Table 4 Results of NPC test of the four groups examined in relationship with bleeding.
P-value
Group 1 vs Group 20.368
Group 1 vs Group 30.0001
Group 1 vs Group 40.001
Group 2 vs Group 30.012
Group 2 vs Group 40.013
Group 3 vs Group 40.407

The results of the Binary Logistic Regression (Table 5) allowed confirmation that the associated extra intestinal diseases, histology and the size of the polyps are statistically significant and are linked to the occurrence of bleeding. For the aforesaid model the Log-Likelihood test assumes a value of -62.662, the G test is equal to 57.276 with 9 degrees of freedom and the P-value is 0.000; for this reason we can affirm that the chosen model is adequate to examine the data.

Table 5 Results of the Binary Logistic regression.
CoefSE CoefZP
Associated extra intestinal diseases0.6350.115.770
Histology0.5090.2262.260.024
Size0.05670.0192.970.003

Perforation occurred in one patient (0.07%) after polypectomy of a malignant sessile polyp in the sigmoid colon, but in this lesion of 15 mm there was no suspicion of malignancy. This patient died after surgery repair of perforation from respiratory failure.

DISCUSSION

In the past two decades the technique of endoscopic polypectomy or mucosal resection has been significantly improved and is the most common therapeutic procedure performed in the endoscopic unit. A particular challenge is the endoscopic treatment of large polyp because the procedure is difficult and reserved for experts since complications rates are very high. In this study, we described a series of 1354 endoscopic resections of colon rectal polyps performed in our endoscopic units between January, 1996 and May, 2006. The gender and age distribution of patients is similar to that described above in other studies regarding the treatment of colorectal polyps[319].

From the literature, it emerges that over 80% of polyps resected during colonoscopy are small polyps less than 10 mm in diameter[24] while in our study 67% were 10 mm in diameter. In fact, during a ten-year period we found 11.8% of excised polyps to be 20 mm or more in size out of 1354 total polypectomies. These data illustrate an average of 16 large polyps removed annually. Other authors reported averages of between 8 and 21 large polyps removed annually[319]. In the present study, all patients with large colorectal polyps were treated endoscopically and in all cases the complete removal of all pedunculated and sessile polyps was possible.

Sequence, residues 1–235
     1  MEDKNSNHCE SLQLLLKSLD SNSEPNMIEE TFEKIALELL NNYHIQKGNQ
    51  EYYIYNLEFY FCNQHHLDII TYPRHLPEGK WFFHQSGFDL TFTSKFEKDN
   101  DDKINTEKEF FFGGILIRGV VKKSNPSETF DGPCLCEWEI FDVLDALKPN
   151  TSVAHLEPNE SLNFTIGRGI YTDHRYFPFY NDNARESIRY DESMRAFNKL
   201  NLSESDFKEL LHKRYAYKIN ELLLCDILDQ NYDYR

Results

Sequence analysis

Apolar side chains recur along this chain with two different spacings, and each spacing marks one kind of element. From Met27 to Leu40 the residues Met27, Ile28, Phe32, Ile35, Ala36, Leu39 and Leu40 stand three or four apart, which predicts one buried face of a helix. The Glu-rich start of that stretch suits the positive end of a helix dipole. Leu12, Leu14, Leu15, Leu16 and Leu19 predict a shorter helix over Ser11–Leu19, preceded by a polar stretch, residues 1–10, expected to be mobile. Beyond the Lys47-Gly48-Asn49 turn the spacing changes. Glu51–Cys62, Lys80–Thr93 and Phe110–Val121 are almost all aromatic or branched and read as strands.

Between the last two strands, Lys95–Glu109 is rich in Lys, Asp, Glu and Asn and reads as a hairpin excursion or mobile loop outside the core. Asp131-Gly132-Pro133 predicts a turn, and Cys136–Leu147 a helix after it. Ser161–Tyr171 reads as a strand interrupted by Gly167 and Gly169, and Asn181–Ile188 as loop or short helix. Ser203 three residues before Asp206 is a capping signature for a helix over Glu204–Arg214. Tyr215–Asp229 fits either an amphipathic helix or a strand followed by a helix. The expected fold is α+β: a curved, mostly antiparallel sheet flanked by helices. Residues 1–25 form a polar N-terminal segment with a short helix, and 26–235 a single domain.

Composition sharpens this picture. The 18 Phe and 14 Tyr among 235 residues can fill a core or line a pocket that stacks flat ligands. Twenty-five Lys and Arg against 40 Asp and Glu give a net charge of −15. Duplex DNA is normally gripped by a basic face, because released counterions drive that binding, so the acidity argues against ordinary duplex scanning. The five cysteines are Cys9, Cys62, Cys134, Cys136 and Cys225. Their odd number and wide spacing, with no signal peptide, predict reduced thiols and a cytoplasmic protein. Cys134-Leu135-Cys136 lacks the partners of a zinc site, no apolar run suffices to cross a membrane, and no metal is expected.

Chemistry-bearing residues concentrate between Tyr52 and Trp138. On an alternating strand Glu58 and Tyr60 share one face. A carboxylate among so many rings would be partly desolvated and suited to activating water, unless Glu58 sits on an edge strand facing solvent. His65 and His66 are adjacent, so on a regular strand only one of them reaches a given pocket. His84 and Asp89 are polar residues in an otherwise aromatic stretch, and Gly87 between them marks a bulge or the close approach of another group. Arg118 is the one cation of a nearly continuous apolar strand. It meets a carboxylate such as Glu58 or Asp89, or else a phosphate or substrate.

Several previous publications reported a correlation between malignancy and age of patients, polyp shape, histology, location and higher rates in large polyps up to 50%[62531]. In the present study, 28 polyps were found to be adenomas containing an area of carcinoma (2.1%) and of these, 20 (12.5%) were in the group of large polyps; however, none of these polyps showed neither vascular or lymphatic invasion.

Statistical analysis, performed by biserial correlation coefficient and the χ2 test, showed a correlation between cancer, polyp size (P < 0.0001), sex (P < 0.0001) and sessile shape (P < 0.0001). In accordance with previous publications, we documented a correlation with size, sessile shape and sex. Moreover, our data suggest that invasive carcinoma can appear with an equal probability, both in a tubular or tubulovillous or villous adenoma. Finally, there was no correlation with the site of the polyp along the colon.

Although the complications of polypectomy widely vary as presented in literature, the most frequent remain haemorrhage and perforation, which are often related to the size of the polyp, its morphology (sessile or pedunculated) and location[1432]. The incidence of bleeding during and after the polypectomies has been reported to range from 0.3% to 6.1%, with higher rates in large polyps up to 22.1% (Table 6)[319].

Table 6 Recent reports of series on large polyp endoscopic resection and our series.
AuthorsTotal (n)Pedunculated (n)Sessile (n)Hemorrhage (%)Perforation (%)Other (%)
Brooker JC et al[3]34-3417.605.9
Hsieh YH et al[4]13-13000
Brooker JC et al[5]100-100301
Walsh RM et al[6]117-1178.50.80.8
Iishi H et al[7]56-56700
Zlatanic J et al[8]77-776.51.30
Kanamori T et al[9]33-339.100
Boix J et al[10]74-7413.500
Bedogni G et al[11]6620423.101.5
Binmoeller K et al[12]176471292400
Webb WA et al[13]10272307.800
Nivatvongs S et al[14]280196840.701.8
Perenz RF et al[15]14773745.41.30
Dell’Abate P et al[16]10449553.800
Jameel JK et al[17]306246.100
Doniec JM et al[18]18645141150.50
Stergiou N et al[19]68274122.100
Consolo P et al16077836.200

In our series, the Pearson χ2 test applied in the sub-groups found a correlation between the bleeding and liver diseases (P = 0.003), which usually impairs the coagulation function of the patients and location of polyps in transverse colon (P < 0.0001), in group 2 with histology and in particular with the hyperplastic polyps (P = 0.023) and the malignancy (P < 0.0001). In addition, in group 3 bleeding was correlated with liver diseases (P = 0.001) and in group 4 the correlation was between the bleeding and associated colon rectal cancer (P = 0.036) (before or after surgical resection).